It used to be that you just had to worry about convincing kids to eat the fruits and vegetables they need to grow healthy and strong. But recent outbreaks of E. coli and salmonella remind us of another concern — making sure fresh produce is safe to eat.
Even with the risk of food-borne illnesses, it's important for kids to eat fruits and vegetables every day to get essential vitamins and nutrients. For example, fruits like oranges provide vitamin C, which helps heal cuts and wounds. Vegetables like broccoli contain dietary fiber, which can help keep cholesterol down and bowel movements regular.
The good news is that it's easy to make sure that the produce you buy and prepare is safe.
Regardless of the variety of produce you pick — whether it's bagged or loose, organic or traditionally grown — there's always going to be some chance, however small, that harmful bacteria may have gotten on the food. It can happen anywhere between the fields and your kitchen, during picking, transporting, or packaging.
The safeguards you can take begin when you're selecting produce at the store. Be sure to inspect fruits and vegetables before you buy them, and avoid any with visible cuts or broken skin where bacteria could enter.
Also keep these things in mind:
You've probably seen the term "Certified Organic" on USDA labels indicating that a product was grown or made without pesticides, synthetic ingredients, or bioengineering. However, bacterial contamination is possible whether the produce is certified organic or conventionally grown.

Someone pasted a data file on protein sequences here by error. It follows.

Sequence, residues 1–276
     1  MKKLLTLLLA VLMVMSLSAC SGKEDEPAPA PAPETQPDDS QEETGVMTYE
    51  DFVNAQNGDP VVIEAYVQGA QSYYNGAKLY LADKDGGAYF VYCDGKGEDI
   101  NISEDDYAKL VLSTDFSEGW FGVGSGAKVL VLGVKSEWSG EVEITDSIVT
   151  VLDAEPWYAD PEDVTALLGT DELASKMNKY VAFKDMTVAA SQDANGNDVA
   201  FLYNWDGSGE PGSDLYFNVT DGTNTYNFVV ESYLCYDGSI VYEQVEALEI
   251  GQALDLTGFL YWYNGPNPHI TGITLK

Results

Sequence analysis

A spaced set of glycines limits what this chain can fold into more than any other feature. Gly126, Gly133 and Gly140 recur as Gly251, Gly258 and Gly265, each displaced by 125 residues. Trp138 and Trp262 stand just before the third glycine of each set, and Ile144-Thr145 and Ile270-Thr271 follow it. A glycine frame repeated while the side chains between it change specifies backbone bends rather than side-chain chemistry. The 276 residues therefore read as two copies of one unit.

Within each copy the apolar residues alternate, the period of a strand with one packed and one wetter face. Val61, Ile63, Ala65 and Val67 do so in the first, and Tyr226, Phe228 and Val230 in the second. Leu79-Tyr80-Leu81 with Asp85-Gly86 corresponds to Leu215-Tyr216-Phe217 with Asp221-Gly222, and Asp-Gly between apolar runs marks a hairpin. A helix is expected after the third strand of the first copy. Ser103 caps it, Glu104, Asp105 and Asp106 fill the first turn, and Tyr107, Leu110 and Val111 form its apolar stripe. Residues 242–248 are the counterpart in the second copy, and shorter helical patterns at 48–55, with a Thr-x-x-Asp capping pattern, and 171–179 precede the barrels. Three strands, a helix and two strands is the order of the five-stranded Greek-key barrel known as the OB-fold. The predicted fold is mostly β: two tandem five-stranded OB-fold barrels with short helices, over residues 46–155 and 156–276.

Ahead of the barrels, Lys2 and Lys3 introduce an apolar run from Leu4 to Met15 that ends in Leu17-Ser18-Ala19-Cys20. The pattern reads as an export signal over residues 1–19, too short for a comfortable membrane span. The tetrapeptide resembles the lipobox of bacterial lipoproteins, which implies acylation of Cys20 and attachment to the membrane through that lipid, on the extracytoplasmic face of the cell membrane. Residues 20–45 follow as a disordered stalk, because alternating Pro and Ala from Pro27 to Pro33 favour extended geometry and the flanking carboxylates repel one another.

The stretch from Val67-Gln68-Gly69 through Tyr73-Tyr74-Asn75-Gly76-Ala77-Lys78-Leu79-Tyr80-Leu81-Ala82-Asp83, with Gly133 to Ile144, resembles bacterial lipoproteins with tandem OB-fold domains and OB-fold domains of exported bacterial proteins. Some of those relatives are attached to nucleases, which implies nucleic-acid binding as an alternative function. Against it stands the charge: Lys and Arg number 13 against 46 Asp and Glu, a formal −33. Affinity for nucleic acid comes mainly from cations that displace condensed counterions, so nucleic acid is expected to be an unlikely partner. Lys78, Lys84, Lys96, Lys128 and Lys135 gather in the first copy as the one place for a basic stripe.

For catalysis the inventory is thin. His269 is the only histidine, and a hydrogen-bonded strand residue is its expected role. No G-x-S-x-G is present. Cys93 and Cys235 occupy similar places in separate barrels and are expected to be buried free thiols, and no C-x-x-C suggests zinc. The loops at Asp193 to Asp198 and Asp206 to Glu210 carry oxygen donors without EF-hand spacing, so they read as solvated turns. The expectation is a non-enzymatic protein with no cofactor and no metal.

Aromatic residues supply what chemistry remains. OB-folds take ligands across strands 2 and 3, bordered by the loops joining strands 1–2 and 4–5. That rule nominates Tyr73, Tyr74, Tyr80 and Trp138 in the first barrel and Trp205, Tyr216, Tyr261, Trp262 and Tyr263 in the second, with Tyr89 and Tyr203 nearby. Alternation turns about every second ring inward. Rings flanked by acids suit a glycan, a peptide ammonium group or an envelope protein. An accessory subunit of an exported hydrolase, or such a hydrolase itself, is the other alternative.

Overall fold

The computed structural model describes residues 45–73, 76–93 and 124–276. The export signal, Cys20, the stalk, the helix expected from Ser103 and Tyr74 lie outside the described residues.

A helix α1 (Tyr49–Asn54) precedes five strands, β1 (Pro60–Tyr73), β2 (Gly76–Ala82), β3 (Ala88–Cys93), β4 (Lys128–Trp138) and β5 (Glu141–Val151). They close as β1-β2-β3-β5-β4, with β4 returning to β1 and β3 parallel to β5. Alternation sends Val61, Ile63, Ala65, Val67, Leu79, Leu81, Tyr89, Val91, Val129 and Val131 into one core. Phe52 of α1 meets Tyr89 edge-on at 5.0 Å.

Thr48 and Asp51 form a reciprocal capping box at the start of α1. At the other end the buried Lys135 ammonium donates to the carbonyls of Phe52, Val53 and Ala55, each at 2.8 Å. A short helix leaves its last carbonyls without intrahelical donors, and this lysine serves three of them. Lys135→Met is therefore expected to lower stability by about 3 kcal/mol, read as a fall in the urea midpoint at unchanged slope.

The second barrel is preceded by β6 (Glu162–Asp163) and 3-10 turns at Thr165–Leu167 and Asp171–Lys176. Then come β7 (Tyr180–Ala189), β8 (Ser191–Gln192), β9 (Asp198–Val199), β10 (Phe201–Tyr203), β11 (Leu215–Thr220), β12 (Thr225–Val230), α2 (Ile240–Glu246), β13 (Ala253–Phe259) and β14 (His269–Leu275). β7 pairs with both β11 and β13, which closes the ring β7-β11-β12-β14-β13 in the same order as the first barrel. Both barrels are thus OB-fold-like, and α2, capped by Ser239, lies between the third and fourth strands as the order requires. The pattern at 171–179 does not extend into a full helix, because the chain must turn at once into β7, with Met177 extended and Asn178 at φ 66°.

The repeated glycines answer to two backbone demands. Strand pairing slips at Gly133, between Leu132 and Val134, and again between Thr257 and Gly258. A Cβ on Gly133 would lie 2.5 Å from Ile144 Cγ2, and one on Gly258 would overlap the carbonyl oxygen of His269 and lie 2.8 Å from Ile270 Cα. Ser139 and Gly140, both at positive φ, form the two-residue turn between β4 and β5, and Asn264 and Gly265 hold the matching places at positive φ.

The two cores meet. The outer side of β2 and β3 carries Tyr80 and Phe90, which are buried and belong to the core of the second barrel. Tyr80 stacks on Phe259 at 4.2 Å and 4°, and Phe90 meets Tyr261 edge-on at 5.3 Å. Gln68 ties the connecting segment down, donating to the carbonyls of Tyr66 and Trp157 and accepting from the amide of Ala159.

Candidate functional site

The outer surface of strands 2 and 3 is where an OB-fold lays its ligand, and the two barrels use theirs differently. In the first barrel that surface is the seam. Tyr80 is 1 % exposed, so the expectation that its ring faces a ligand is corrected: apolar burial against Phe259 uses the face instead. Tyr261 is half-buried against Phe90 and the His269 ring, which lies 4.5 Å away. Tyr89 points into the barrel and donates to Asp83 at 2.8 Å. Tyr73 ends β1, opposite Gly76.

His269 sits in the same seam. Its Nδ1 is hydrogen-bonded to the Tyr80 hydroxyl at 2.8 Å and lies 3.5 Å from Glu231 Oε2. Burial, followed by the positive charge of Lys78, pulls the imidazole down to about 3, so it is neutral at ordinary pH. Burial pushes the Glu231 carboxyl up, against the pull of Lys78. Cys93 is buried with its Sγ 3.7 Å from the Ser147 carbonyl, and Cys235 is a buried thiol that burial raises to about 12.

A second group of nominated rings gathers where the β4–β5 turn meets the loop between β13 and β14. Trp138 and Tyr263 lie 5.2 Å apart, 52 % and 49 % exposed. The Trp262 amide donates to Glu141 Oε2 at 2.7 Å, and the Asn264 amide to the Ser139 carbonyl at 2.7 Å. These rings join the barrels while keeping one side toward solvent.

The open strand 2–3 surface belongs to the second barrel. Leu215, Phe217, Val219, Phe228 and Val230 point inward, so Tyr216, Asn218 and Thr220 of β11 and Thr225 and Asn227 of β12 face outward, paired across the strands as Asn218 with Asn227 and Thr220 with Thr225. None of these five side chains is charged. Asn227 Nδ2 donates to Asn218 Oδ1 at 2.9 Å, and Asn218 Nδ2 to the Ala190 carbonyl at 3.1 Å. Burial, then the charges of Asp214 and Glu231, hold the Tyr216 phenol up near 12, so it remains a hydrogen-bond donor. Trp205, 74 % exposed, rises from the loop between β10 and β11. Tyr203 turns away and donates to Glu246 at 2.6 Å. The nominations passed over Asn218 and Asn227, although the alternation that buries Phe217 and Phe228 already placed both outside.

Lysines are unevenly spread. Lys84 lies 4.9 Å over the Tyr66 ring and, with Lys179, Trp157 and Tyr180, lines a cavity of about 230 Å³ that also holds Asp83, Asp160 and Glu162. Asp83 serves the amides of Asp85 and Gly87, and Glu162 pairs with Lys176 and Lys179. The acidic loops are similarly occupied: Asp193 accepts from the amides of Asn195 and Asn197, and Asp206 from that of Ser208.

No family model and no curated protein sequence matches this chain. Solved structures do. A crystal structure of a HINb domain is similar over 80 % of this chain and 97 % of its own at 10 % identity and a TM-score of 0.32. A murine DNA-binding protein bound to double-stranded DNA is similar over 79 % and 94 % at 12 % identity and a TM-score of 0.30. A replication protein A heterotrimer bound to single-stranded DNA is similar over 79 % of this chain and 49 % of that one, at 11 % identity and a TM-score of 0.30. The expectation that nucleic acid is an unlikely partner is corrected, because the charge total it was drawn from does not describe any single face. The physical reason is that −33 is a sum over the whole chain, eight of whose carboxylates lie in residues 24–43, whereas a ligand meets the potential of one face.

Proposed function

To safely store produce, make sure your refrigerator and freezer are cold enough to keep it fresh and prevent any bacteria in it from thriving. Keep your refrigerator set to 40º F (5º C) and your freezer to 0ºF (-18ºC) or lower. If they don't have thermostats, consider buying one for each.
When you prepare fresh produce, these steps will help ensure that it's safe to eat:
Though commercial produce washes are available, the U.S. Food and Drug Administration (FDA) does not recommend washing produce with them. Following the recommendations above and washing your hands, dishes, utensils, and the surfaces in your kitchen should work just fine. Periodically sanitizing cutting boards and kitchen surfaces can offer added protection.
Rest assured that while fresh produce, meat, and fish do carry some contamination risk, with the proper precautions you can reduce that risk and enjoy them safely.
Reviewed by: Mary L. Gavin, MD
Date reviewed: February 2012
|Centers for Disease Control and Prevention (CDC) The CDC (the national public health institute of the United States) promotes health and quality of life by preventing and controlling disease, injury, and disability.|
|U.S. Food and Drug Administration (FDA) The FDA is responsible for protecting the public health by ensuring the safety, efficacy, and security of human and veterinary drugs, biological products, medical devices, our nation's food supply, cosmetics, and products that emit radiation.|
|American Academy of Pediatrics (AAP) The AAP is committed to the health and well-being of infants, adolescents, and young adults. The website offers news articles and tips on health for families.|
|American Academy of Family Physicians This site, operated by the American Academy of Family Physicians (AAFP), provides information on family physicians and health care, a directory of family physicians, and resources on health conditions.|